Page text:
SIFF Film Review – When Marnie Was There
When Marnie Was There
Note: This is a review of Japanese-dubbed version
When Marnie Was There (2015) marks what could possibly be Studio Ghibli’s final film. That is incredibly saddening if it turns out to be true. The famed Japanese animation studio – most notable for the work of Hayao Miyazaki – has turned out incredible masterworks for decades. In a time where computer animation has nearly replaced the traditional hand-drawn approach, Studio Ghibli has remained a constant presence. The world would be losing an important cinematic voice if they were to cease production permanently.
Hiromasa Yonebayashi (The Secret World of Arrietty, 2010) takes the director’s chair this go around, adapting Joan G. Robinson’s novel with Keiko Niwa and Masashi Ando assisting on the screenplay. There are a lot of familiar themes running here that we’ve seen in past Studio Ghibli work. Mystery and magic are once again seen through the perspective of a young person. It’s amazing how this studio can so easily tap into the wonder and awe of young people. Much in the same way that Walt Disney did with his colleagues, we’re able to be transported into the mind of a naïve character and empathize with them as they grow.
The story is somewhat of a mixed bag. Anna (Sara Takatsuki) is a young, deeply emotional girl. She’s very shy and self-conscious around other people – which has contributed to her developing asthma. Her foster mother Yoriko (Nanako Matsushima) believes sending her out to the country to stay with relatives will help her get better. Once there, Anna tries to fit in, but would much rather stay by herself and sketch in her notepad.
It’s not until Anna meets Marnie (Kasumi Arimura) do things start to change. Marnie is a blonde haired, blue-eyed girl who lives in a house across a marsh from where Anna is staying. This foreigner piques Anna’s interest. Marnie doesn’t seem to belong in look or behavior. When Anna meets Marnie’s family, they look like they were transported outside of time and space. And yet, Anna feels open and safe around Marnie. Is it because Anna often sees herself a foreigner as well? Anna and Marnie soon develop a friendship, mostly involving Anna slipping away to visit Marnie on her side of the water.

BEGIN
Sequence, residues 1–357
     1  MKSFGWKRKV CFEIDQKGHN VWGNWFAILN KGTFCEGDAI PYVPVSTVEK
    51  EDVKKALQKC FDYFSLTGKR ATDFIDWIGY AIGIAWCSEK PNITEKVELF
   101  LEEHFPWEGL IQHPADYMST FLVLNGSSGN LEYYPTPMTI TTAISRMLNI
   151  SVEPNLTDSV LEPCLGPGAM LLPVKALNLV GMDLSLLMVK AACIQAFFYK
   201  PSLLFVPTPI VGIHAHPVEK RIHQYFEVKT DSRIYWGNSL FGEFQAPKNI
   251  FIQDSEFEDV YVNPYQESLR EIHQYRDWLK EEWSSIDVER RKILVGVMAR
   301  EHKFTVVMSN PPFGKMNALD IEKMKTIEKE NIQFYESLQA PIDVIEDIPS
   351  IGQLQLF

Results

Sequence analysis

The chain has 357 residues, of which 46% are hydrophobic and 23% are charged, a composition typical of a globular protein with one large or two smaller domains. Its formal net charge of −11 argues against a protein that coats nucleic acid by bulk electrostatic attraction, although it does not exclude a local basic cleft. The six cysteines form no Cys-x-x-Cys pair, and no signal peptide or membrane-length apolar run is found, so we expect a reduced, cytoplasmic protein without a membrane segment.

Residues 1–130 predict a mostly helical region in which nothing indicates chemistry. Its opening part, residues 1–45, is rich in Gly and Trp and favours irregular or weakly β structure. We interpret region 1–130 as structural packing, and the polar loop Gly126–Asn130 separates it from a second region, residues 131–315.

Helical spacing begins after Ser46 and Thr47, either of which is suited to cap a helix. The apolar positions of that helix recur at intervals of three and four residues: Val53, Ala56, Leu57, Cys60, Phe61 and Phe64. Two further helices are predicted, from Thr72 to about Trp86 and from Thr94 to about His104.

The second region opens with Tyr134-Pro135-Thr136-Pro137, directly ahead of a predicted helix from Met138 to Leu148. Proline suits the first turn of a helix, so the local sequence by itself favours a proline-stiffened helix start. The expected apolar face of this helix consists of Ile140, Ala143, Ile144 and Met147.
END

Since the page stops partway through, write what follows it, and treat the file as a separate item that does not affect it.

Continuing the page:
Who is Marnie? Where does she come from? Is she even real, or a figment of Anna’s imagination? Most of these questions are answered by the end, but never really held in any important regard. Who Marnie is and her relationship with Anna turned out to be one of less interesting things about the film. In fact, a last second reveal is pretty discernable early on, and comes off more contrived than anything else. The links don’t quite fit together perfectly when the whole picture is shown. But how Marnie operates to Anna’s neurosis is far more fascinating. Marnie brings Anna out of her shell, so to speak. Before Anna even realizes it, she’s fallen into this mini-adventure to unravel the mystery of this stranger. She would not have been able to conjure up the courage if it were not for meeting Marnie. Seeing Anna overcome her inhibitions and start to grow up is what really keeps us locked in.
If you’re reading this, then chances are you’re a fan of hand drawn animation. This is no different than anything else we’ve seen from Studio Ghibli in terms of visuals. The look is bright and colorful, more realistic and less impressionistic than last year’s The Tale of Princess Kaguya (2013). What I’ve always found admirable about the studio’s animation is how they include fine details – little bits and pieces that could go unnoticed by the casual observer. When a character accidentally trips over a rock but quickly recovers, or when someone rushes towards a descending staircase but slows down so they won’t fall. In the opening scene, Anna draws something, but isn’t satisfied with one section and decides to erase it. These instances took careful planning and outlining, but they feel so spontaneous, just like real life. I can only imagine what the process was like choosing when a character would perform a meaningless action. But it adds a crucial element a lot of modern animation lacks: texture.
When Marnie Was There is a good, but not quite great outing for Studio Ghibli. The plot was fairly thin, even though it had a strong central character. Anna is a person we can root for, because she encompasses so much that we can attach to. Being young, not yet knowing who you are or what you want to be – these are thoughts we’ve all struggled with at one point in our lives. The biggest thing Yonebayashi and his team accomplished was making Anna a completely normal human being. She doesn’t have superpowers, she isn’t expected to move mountains or save the world. Her journey is personal and intimate, but that’s what makes her so special.